Towards better labyrinth seals

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Labyrinth seals, non-contact type mechanical seals, consisting of a series of annular orifices or cavities, are critical components in a centrifugal gas compressor. They are used on the impeller i.e., on the shaft between impellers, and on the balance piston to seal a high-pressure area from a low-pressure area. The seal's annular cavities provide a tortuous path that minimizes gas leakage.


Such seals have different configurations depending on the location of teeth and the mating sealing surface. In a Tooth on Rotor (TOR) configuration, seal rotating teeth are sealing against a smooth abradable stationary surface. In a Tooth on Stator (TOS) configuration, seal stationary teeth are sealing against a smooth rotating surface. A combination of these two types is called the Interlocking or High-Low configuration.



Labyrinth seals can affect gas compressor efficiency and reliability. Efficiency can be improved by reducing the labyrinth seal clearance and leakage. Traditionally, OEMs have designed and built gas compressors with aluminum labyrinth seals. However, there are certain limitations when aluminum is used. 


In the case of a rotor contact, an aluminum seal tooth tip will deform permanently. After the contact (rub), the seal tooth remains deformed and excessive clearance results, leading to increased gas leakage and lower compressor efficiency. 


Moreover, aluminum seals cannot be designed with reduced clearances due to their permanent deformation property. And galling can occur on the rotating surface leading to vibration problems.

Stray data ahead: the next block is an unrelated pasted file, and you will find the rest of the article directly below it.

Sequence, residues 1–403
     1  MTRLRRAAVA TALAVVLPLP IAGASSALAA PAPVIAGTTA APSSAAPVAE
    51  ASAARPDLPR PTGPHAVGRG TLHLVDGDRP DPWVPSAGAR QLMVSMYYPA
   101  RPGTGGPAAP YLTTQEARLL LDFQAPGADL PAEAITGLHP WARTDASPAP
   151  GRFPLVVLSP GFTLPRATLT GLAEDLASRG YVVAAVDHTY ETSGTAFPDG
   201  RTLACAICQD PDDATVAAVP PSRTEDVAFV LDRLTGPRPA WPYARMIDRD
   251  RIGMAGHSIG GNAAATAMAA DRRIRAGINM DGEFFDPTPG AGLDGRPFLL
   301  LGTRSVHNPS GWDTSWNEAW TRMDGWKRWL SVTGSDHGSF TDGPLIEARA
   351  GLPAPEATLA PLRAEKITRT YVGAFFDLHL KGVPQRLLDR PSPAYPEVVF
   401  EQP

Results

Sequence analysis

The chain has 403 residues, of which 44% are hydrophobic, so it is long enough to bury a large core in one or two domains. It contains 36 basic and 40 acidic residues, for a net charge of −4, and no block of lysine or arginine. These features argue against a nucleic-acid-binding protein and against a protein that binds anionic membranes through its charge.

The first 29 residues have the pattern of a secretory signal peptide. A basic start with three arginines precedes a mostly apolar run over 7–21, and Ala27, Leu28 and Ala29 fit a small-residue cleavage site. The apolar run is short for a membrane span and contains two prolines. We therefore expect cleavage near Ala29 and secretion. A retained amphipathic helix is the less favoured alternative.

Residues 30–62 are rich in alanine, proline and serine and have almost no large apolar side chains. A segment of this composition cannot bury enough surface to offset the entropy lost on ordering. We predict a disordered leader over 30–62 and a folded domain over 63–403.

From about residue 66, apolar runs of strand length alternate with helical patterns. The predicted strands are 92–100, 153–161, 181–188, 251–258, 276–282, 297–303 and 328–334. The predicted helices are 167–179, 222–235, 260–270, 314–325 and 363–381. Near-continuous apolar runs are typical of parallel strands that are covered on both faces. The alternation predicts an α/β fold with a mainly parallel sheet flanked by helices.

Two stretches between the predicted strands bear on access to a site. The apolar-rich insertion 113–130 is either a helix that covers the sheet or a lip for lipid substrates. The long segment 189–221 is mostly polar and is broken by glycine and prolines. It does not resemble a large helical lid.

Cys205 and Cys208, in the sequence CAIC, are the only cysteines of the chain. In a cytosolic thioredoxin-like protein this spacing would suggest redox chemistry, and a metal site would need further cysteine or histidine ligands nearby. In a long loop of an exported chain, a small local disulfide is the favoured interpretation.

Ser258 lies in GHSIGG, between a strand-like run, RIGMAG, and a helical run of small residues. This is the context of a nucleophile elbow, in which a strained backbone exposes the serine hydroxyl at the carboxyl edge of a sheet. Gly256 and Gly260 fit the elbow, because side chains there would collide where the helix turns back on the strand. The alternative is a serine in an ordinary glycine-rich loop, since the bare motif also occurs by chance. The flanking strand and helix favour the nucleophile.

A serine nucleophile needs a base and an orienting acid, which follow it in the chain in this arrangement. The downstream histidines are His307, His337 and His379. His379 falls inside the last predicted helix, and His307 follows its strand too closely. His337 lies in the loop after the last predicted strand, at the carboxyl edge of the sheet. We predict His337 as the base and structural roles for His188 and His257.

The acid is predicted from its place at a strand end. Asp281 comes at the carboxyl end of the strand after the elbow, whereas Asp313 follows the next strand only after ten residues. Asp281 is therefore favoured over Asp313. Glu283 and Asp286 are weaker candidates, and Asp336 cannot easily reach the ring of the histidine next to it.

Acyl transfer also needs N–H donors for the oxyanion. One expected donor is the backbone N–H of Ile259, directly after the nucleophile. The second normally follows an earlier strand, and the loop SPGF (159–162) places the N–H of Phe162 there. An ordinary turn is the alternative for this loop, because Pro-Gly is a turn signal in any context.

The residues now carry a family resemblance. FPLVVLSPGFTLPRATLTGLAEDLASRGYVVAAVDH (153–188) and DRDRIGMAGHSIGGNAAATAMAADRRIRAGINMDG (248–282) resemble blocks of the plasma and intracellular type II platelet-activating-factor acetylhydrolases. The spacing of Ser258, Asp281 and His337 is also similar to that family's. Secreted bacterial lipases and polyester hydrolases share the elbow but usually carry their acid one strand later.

In recent years, seal manufacturers have used performance polymers in many labyrinth seal applications. The most successful thermoplastics for labyrinth seals are polyether ether ketone (PEEK), polyamideimides (PAI), and polytetrafluoroethylene (PTFE) compounds. Only a limited number of suppliers can mould these materials as well as machine-finish labyrinth seals. These seals offer longer life than aluminum seals and are non-galling when coming into contact with the rotor.


Several grades of PEEK, PAI, and PTFE compounds are commercially available. But only some specific grades have been successfully used for centrifugal compressor labyrinth seals. Material properties and quality are influenced by the fillers, compounding molding and stress relieving processes. The majority of thermoplastic labyrinth seals are machined from hot compression molded stock shapes due to larger seal sizes and shorter run quantities.


Labyrinth seals are usually designed with tighter tolerances on ID dimensions. In order to achieve such tolerances, it is necessary to stress-relieve thermoplastic materials after molding and rough machining. PEEK materials are post-cured to increase material crystallinity and reduce molding stresses.


Raju Kalidindi is a Senior Materials and Applications Engineer for EGC Critical Components, a division of Fenner Advanced Sealing Technologies based in Houston, Texas. For more information, visit or call 281.774.6100.


(Read more in the September/October 2015 issue of Turbomachinery International)